The still-untested girls and teacher Laura Frank again attempted to enter the high school. Principal Charles L. Biedenback promptly suspended the students and Frank. They were not to return, stated Biedenback until they complied with the Health Department order and obtained a certificate from Dr. Pape.
Apparently, they had wearied of the fight. The eight presented themselves to the doctor the next morning. He did not examine them, but simply issued the certificates that allowed them to return to school.
Walter Fischer groused that his daughter had missed so many classes that he was inclined to sue both the health department and the high school, but he did not pursue further litigation.
Culver to the Appeals Court
The same could not be said about Laura Culver, the aunt of untested Dorothy Norton.
On October 14, she had her trial for tearing down the quarantine sign Officer Lee had placed on her home. It seemed to take more time to select a jury than to actually try the case. In less than a day, the jury decided that her defiance violated the state quarantine law.
Judge Robert Edgar sentenced Culver to five days in jail or a $50 fine. She, indignantly protesting the court’s overreach, chose the jail term and then instructed her attorney to initiate habeas corpus proceedings to fight the decision. She did not intend to back down.
Her attorneys appealed the lower court decision. In November, Superior Court Judge James Quinn ruled that the state did have the right to impose quarantines on citizens. He refused to overturn Culver’s conviction.
Culver wasn’t finished. Her attorneys vowed to fight her cause all the way to the Supreme Court.
The case would not get that far.
In a stunning reversal, the California Appeals Court overturned the decision of the two lower courts in December 1920. The appeal court judges stated that because there was no specific law in the California code for placarding “contacts” as opposed to proven cases, the health department had no right to impose a quarantine on the Culver house.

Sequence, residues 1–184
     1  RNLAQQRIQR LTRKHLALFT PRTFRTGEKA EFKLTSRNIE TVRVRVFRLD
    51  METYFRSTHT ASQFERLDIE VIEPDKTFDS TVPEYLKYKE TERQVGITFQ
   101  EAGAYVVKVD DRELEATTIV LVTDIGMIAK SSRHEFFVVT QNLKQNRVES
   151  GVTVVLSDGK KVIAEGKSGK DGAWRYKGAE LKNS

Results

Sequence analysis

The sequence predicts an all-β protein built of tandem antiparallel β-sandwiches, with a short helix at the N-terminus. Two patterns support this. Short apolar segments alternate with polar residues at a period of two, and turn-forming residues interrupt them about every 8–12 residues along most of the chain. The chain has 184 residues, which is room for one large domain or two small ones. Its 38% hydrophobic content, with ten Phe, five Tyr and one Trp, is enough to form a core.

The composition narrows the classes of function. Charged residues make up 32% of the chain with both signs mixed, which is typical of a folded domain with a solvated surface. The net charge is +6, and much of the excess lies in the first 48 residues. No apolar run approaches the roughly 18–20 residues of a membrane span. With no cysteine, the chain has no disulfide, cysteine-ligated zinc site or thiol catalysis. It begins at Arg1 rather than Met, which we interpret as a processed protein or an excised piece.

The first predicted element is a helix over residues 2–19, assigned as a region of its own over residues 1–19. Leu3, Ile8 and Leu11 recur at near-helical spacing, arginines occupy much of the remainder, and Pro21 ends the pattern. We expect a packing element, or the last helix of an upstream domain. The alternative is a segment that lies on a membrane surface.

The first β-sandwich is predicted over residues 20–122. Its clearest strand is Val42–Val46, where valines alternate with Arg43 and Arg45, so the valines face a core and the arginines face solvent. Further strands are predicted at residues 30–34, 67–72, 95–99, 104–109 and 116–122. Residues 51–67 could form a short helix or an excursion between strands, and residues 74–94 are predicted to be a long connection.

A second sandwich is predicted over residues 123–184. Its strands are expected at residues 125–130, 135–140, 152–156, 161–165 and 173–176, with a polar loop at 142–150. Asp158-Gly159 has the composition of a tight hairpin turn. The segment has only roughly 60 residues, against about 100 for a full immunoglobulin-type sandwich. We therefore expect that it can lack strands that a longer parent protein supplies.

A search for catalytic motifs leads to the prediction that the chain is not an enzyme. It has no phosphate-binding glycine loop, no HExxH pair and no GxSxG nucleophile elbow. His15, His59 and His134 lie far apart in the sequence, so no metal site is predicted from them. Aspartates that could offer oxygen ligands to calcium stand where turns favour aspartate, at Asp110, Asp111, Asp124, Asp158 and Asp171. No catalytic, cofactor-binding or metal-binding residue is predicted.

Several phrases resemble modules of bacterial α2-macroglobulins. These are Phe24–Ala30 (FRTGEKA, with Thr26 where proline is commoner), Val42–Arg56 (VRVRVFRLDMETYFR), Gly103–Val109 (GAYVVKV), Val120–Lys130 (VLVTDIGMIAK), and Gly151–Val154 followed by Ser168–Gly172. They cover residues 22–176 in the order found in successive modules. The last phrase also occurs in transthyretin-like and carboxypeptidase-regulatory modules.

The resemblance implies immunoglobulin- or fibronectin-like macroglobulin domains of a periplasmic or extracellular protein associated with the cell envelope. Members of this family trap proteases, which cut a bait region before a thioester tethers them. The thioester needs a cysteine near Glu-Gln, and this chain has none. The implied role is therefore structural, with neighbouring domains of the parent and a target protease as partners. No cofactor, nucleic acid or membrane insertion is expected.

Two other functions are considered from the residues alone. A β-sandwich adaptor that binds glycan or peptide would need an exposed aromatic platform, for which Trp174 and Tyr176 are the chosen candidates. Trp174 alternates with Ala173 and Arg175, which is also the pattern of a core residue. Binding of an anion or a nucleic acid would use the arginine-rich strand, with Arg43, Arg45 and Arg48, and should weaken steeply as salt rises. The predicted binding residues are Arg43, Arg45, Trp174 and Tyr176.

Because Dorothy Norton had refused to take a diphtheria test, she could not be proven to have a case of the disease. The law only allowed quarantines for proven cases.
Because the Health Department had extraordinary powers to restrict individual liberty in times of epidemics, maintained the justices, it was essential that the department stay within the established guidelines. There was no law or published department policy that allowed them to impose quarantines on suspect persons who refused testing. Until that law was formulated, the action of the health department officers was illegal, as was the decision to arrest Laura Culver for opposing the department’s extraordinary measures.
Although the verdict was a victory for Laura Culver, her exoneration hinged on a technicality: if there had been a law, or even a Health Department policy that allowed for the quarantine of suspected carriers, she would not have prevailed.
Ultimately, neither of the cases resolved the fundamental question: can the state restrict individual rights to protect the larger community?
A century later we are no closer to an answer.
Sources: San Francisco Chronicle, Sept. 25, 1920; San Francisco Examiner, Sept. 10–29, 1920; The Recorder (San Francisco), Sept. 18,1920; Oakland Tribune, Sept. 22–25, Dec. 23, 1920